NATALIA: New Automotive Tracking Antenna for Low-cost Innovative Applications

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The objective of the NATALIA project was to realise a Ku-band antenna front-end which will be part of a mobile satellite terminal for automotive applications. The complete demonstrator will consists not only of the antenna front-end envisaged here, but also of a receiver front-end which is being developed in a separate project.

The NATALIA antenna is fully electronically steerable, receive-only, and is suited for customised KU-band broadcast services of providers like SES Astra. The design and construction of an antenna front-end providing mobile services to vehicles, presents several challenges.

A very important aspect is, that for fixed Ku-band services, relatively large (60-90cm diameter), highly directive antennas are used, commonly parabolic dishes. This is of course not possible for products like the NATALIA antenna that are intended for integration into or onto vehicles, hence size is a critical factor.

Antennas with sizes of around 20 cm in diameter and a height of a couple of cm’s are considered realistic for mass-market deployment for automotive applications.


The linear polarisation was a major design challenge because it requires, besides beam steering logic, also polarisation pointing logic. This increases the complexity of the system by more than a factor of 2.

For the moment, it is anticipated that the NATALIA antenna will be sold as an after-market product because this allows for a more flexible and rather simple installation. This implies however that the antenna must be very slim in order to be aesthetically appealing which is another major design challenge. And last but not least, the buildup of the antenna should be extremely cost-effective in order to successfully address the mass market.

The current NATALIA design is based on a classical phased array approach using RF phase shifter devices. The design of LNA and phase shifter in MMIC-technology with adequate performance and as cost-effective as possible, was one of the major building blocks within the project.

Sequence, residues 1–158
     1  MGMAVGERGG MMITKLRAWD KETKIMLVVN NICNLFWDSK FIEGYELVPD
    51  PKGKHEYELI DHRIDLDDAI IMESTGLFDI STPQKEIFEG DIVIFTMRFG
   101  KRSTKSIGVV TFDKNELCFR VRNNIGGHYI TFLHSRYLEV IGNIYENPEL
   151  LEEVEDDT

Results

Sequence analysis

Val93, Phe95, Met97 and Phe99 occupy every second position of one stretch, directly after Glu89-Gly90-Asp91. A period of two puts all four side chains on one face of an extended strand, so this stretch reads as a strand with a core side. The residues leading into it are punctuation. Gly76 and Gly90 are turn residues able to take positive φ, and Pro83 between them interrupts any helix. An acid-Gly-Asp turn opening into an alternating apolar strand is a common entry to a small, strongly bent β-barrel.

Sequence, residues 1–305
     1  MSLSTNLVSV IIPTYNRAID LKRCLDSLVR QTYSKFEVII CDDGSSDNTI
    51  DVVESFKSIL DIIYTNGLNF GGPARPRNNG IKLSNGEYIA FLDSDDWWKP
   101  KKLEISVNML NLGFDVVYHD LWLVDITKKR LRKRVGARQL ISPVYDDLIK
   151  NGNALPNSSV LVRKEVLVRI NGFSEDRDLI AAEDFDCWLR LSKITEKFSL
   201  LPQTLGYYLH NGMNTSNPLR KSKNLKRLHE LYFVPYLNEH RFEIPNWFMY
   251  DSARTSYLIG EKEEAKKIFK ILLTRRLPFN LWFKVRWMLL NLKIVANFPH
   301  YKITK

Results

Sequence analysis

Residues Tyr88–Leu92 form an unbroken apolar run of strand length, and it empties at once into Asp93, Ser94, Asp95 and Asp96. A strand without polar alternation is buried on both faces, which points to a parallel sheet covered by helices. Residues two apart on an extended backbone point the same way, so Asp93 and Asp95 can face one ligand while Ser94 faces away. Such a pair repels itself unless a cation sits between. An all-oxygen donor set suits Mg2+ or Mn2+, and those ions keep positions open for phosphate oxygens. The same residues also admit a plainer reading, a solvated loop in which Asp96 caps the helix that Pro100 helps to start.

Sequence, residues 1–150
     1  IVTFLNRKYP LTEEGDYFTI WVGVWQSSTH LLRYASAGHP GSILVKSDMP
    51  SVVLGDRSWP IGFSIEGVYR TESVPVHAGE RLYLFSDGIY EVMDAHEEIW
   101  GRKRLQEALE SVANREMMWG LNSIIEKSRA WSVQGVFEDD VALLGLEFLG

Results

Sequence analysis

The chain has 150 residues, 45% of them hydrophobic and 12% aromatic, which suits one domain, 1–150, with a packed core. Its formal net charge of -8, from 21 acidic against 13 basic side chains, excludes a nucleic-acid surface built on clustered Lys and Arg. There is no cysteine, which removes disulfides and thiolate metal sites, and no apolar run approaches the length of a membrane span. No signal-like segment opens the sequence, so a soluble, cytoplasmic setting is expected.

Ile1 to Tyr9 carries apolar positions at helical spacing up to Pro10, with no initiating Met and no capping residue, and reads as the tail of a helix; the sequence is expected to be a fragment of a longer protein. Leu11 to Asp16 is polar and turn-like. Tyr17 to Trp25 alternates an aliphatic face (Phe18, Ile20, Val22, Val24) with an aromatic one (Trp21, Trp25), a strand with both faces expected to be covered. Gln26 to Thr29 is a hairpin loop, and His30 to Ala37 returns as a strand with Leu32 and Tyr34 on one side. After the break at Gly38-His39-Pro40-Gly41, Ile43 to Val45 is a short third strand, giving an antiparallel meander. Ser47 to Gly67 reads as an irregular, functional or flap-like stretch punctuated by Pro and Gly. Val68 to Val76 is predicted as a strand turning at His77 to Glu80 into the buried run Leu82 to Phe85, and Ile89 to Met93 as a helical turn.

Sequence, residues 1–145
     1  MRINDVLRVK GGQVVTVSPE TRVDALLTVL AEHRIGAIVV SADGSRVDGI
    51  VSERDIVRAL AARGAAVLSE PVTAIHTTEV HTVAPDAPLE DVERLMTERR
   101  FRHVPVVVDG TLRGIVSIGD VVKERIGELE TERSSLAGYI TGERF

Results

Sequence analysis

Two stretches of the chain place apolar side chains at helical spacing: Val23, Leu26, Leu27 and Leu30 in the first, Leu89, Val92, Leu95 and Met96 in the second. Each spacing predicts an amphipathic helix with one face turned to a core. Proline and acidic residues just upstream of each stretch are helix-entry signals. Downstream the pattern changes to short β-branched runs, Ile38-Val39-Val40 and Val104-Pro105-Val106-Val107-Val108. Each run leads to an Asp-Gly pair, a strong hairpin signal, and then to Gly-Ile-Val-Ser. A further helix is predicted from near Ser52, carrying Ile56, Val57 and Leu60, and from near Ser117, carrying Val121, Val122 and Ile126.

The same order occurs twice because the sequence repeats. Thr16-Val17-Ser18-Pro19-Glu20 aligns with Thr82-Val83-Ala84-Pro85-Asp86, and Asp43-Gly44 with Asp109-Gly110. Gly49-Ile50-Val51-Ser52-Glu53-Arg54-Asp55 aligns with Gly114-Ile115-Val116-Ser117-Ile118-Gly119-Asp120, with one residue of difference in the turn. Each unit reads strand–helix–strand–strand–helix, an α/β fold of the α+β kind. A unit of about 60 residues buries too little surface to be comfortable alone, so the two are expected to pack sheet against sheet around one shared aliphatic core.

The other key issue was the multilayer buildup. The integration of antenna elements, MMIC components, feeding network, and digital components in one multilayer structure was without doubt the true challenge of this project.


The NATALIA antenna together with the receiver front-end will constitute a new generation of mobile satellite terminals: slim antenna front-end, intelligent receiver and smart broadcast services for the mass market. Satellite reception in cars would be possible without disturbing its aesthetics. This would not only open new markets for service providers but also for other non-automotive applications.


The main specifications to be satisfied for the NATALIA-front-end are the following:

  • Operating frequency: 10.7 GHz – 12.75 GHz
  • Operation mode: Rx-only
  • Polarisation: linear
  • G/T: > -6 dB/K
  • Aperture size: 20 cm in diameter (EU), 30 cm (USA)
  • Estimated manufacturing price: < 1,000 Euro
  • Scan range: 20°- 60°in elevation from horizon, 0°- 360° in azimuth.

The latter values have been established after elaborate discussions with the car industry and service providers.


The NATALIA project is divided into two phases.

  • The first phase considers a survey of possible antenna architectures and concepts resulting into a global definition of the antenna concept. This phase has been concluded and a baseline design has been defined. This serves as the input for the second phase.
  • The second phase focuses on the technical implementation of the baseline design concept and the realisation of a demonstrator. The second phase finished in April 2012.
Current status

Phase 2 has been concluded successfully, the antenna performance as expected and the calibration method proofs to be very effective. The antenna has been measured in the anechoic chamber of IMST in far and near field. The antenna under test is shown in the next picture.

NATALIA-Antenna under test

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The antenna has been measured in far and near field and shows an excellent behaviour, the performance is almost as expected. In the next graphs, some of the measurement results are shown.

Far field pattern

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Far fields for scanning in a plane

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